Now, although we don’t know exactly what they sounded like when people sang them all those thousands of years ago, we know that they were sung. We know that because in between the words we find little hints here and there about when stringed instruments are supposed to play, or instructions to a choirmaster. The words are meant to be sung, and that’s why I hope you’ll indulge me over the next few weeks as we try a sung setting from our new hymnals of each of the psalms we read. These psalms work their way into our bodies and minds most fully when we sing them!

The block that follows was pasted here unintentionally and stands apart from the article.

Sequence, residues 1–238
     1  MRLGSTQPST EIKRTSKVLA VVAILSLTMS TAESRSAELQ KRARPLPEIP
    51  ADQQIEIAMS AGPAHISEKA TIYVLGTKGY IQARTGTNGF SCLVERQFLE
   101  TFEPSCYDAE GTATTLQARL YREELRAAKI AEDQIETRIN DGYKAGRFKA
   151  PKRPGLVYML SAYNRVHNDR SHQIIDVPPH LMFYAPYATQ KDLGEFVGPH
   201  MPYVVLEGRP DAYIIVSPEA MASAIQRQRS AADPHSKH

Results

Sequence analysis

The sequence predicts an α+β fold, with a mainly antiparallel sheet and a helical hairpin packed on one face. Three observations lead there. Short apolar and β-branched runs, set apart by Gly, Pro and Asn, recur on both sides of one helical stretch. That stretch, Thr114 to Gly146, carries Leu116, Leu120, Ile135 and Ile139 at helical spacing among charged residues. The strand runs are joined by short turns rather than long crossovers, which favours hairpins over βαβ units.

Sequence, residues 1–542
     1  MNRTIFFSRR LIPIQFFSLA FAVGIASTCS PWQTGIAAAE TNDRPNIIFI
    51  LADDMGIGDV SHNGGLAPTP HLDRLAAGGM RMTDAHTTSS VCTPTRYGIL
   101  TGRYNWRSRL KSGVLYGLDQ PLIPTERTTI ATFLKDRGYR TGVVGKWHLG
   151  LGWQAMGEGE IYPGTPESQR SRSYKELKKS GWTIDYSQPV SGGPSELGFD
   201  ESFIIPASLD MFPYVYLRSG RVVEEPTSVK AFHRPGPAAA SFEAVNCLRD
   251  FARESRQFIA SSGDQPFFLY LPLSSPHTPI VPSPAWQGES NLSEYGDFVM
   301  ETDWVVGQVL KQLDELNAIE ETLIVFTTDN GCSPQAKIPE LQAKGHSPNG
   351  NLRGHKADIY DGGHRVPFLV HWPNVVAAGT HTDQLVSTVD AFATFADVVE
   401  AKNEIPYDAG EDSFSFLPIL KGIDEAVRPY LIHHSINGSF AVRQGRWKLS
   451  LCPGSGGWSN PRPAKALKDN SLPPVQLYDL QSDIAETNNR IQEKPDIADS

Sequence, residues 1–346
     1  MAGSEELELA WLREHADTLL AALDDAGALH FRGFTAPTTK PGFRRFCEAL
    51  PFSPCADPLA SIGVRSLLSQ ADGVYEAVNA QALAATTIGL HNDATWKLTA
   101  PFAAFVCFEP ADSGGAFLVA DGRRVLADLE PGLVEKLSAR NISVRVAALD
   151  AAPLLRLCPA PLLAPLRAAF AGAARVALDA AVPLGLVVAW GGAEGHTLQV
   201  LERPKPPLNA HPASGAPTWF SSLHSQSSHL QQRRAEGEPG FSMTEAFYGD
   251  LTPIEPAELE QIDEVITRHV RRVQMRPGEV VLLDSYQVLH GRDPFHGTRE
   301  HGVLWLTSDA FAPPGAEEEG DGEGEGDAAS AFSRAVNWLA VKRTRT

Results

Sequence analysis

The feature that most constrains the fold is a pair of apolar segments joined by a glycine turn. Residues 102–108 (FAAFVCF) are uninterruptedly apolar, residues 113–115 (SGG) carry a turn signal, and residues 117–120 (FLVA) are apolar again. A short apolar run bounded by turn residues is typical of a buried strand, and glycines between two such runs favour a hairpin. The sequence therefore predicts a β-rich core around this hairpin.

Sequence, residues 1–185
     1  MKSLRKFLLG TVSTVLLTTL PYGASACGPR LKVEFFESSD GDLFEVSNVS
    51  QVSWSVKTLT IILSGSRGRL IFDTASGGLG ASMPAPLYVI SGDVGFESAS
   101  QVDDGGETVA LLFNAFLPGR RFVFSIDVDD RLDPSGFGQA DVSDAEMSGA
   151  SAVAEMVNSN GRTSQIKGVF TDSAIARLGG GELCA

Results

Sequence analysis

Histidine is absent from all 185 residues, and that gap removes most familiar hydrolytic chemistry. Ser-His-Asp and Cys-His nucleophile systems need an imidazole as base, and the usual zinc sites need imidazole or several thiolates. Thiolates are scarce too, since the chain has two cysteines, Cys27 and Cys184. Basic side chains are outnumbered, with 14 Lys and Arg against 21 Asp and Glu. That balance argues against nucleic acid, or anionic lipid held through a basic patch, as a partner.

One of the curious things about the psalms is that they seem to come from two places. On the one hand, they’re clearly the words of human beings reaching out to God in praise, in trust, in desperation, in guilt, and in hope. Just about every emotion you might experience is captured in these sung prayers. If people in every age love the psalms as much as they do, it’s in part because we recognize ourselves there as the ones who are singing, crying, and shouting. They are very human. At the same time, we find the psalms smack in the middle of our Bibles, where they are undeniably presented as sacred scripture, as “God’s Word” to us. What a puzzle this is—human songs and prayers that are the same time God’s Word. What entitles us to presume that our human prayers can become sacred? And what entitles God to presume to speak with our voice, out of our experience? For someone to really own the psalms, they would have to be both God and human at the same time… And in fact, in the story of Jesus we find the psalms absolutely everywhere, on his lips as he’s dying, and on the lips of his apostles as they struggle to explain his resurrection. Jesus owns the psalms, in a way that allows our prayers to become sacred, and that allows God to know what it is to be scared, joyful, sad, or hopeful as a human being. The psalms are incarnational music that brings God’s presence into the experience of living as a human being in this world.